Upon being voted in, Pastor Matthew did not stop there.  He continually reinforced what God told him was the church’s core issue.  “For a year, every message I preached had a thread of unity built into it.”  He stayed on message as God reconciled countless relationships.

Habit 3: Develop A Great Staff

Pastor Matthew acknowledge, “My staff was the reason this was successful.”  They freed him up to do what he did best and what God had called him to as the church’s pastor.   

Habit 4: Own The Results

As the church’s capital campaign began, a minimum goal was set at $1.5 million with a high goal of $2.2 million.  But Matthew was trusting God for audacious things and wanted to exceed any bar set by INJOY Stewardship and their consultant Jeff Shortridge. 

He decided to attend 10-20% more one-on-one dinners with high-capacity givers than recommended.  In addition, he went to dinners with everyone in the tier just below high-capacity.  Pastor Matthew even went to one-on-one dinners with non-givers but those he thought had the potential to play a significant part in what God was doing at Princeton Church.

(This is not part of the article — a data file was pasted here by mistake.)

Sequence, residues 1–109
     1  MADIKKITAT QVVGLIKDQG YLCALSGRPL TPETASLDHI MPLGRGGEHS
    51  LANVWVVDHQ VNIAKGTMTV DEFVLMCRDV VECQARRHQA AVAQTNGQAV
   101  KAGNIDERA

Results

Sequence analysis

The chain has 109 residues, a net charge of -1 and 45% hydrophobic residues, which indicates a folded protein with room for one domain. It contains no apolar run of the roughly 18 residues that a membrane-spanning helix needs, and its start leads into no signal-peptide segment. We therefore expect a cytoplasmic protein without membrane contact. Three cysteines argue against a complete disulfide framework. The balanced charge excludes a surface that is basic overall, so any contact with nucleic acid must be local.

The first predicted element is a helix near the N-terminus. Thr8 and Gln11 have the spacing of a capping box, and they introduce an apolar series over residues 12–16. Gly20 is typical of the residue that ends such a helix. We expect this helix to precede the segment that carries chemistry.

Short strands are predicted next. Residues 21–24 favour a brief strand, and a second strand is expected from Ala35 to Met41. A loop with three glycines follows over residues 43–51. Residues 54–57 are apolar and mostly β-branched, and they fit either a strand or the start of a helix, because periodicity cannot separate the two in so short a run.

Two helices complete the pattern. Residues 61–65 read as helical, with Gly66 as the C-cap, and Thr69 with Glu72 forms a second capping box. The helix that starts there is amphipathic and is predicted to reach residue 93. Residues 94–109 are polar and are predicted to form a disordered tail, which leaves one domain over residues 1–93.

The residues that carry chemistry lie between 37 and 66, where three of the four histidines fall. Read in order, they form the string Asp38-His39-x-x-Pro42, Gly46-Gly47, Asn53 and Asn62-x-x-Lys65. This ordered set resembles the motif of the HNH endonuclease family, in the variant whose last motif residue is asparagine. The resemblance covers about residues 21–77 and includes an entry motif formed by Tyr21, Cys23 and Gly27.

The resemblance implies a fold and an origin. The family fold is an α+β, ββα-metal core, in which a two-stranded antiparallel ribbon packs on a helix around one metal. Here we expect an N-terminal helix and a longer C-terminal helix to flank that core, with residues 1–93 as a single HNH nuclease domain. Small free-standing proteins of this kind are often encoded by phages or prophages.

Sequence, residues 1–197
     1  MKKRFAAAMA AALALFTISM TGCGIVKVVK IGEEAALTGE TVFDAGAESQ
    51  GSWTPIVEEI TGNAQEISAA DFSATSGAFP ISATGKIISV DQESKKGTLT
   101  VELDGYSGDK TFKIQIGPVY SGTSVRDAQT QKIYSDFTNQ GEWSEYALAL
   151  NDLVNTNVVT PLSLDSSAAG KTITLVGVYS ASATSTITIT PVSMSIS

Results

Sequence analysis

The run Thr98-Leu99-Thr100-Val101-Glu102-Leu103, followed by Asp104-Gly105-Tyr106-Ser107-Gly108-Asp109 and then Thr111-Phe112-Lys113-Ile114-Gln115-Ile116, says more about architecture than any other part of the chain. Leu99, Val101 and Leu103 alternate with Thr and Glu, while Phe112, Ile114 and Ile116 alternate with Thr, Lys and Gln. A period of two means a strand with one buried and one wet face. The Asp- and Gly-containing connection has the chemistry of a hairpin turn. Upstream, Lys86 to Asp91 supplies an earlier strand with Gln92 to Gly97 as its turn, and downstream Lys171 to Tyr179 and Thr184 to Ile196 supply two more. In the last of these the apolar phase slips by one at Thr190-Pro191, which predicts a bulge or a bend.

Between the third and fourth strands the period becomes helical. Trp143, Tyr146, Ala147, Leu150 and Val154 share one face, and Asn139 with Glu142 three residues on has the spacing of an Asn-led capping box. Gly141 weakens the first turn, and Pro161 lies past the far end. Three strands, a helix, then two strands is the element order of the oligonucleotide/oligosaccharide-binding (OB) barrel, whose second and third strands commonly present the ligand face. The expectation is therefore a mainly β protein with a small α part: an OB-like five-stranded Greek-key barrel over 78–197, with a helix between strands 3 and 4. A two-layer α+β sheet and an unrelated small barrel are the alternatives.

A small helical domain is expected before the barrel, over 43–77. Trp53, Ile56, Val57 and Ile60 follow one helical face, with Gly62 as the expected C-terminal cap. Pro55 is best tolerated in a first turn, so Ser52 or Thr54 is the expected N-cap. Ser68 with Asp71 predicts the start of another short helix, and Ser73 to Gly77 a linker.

Pastor Matthew was trusting God for great things but he owned his role in the campaign’s success.

Habit 5: Disciple High-Capacity Leaders

It is one thing to meet with high-capacity leaders.  It is another thing completely to cast a compelling vision and call these individuals to sacrificial action.  This is where Pastor Matthew excelled. 

INJOY Stewardship consultant Jeff Shortridge coached him through the structure and language of these times together.  Pastor Matthew would ask his leaders, “What’s your favorite part of the church.  What do you love?  Why do you come to the church?” 

For these meetings to be effective, it required personal growth from Pastor Matthew himself.  The advice he now gives pastors is, “Get over guilt.  You’re not raising money for you.  All you’re doing is asking people if they want to be a part of what God is doing.  So get over yourself.”